The Department ceased publishing details of these payments in April 2019 because of concerns they had that it was in breach of GDPR.

Following our request, the Department sought further legal advice with the Attorney General confirming the information could be published in the interests of transparency and accountability.

You can see the record on DocumentCloud.

Information Commissioner rules that release of pensions paid to former Ministers, Taoisigh, and Presidents would be “significant breach” of privacy

The Information Commissioner has decided that release of the individual details of pensions paid to former Ministers, Taoisigh, and Presidents would involve a “significant breach” of their privacy.

The details had been published as a matter of routine by the Department of Finance for many years.

However, they ceased this practice in 2016 believing it was no longer possible following the introduction of GDPR.

Right to Know sought the information under FOI, and appealed the case to the Information Commissioner.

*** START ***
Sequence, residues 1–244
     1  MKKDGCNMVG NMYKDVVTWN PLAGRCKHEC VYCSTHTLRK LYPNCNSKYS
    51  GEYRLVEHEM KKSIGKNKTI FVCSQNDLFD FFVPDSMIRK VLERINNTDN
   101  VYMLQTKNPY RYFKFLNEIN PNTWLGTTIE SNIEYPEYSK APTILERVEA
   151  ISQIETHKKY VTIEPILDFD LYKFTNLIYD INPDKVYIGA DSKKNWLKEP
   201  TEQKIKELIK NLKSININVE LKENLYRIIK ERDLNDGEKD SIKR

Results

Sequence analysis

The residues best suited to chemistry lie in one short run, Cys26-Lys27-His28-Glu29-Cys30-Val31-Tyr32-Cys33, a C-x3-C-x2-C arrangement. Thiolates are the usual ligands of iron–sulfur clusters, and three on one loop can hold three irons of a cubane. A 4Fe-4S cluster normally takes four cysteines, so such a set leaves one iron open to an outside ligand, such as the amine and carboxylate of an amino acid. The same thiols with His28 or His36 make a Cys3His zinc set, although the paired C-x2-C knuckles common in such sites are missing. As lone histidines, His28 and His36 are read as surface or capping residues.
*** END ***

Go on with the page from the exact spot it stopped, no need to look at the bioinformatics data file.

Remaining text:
The Office of the Information Commissioner upheld the decision however, resulting in a reversal of more than a decade of transparency surrounding these pension payments.

You can read the decision in full at the following link.

Right To Know and Public.Resource.Org initiate legal action against the European Commission

Today, Right To Know – in collaboration with US access to information NGO Public.Resource.Org (“Public Resource”) – announced they have initiated legal action against the European Commission at the Court of Justice of the European Union (CJEU).

Right To Know and Public Resource are seeking from the European Commission access to descriptions of certain technical standards agreed by the European Committee for Standardisation (Comité Européen de Normalisation) or “CEN“.

We sought technical public safety standards with the force of law that include the safety of toys, including children’s chemical sets and and those relating to the chemicals present in products such as finger paint.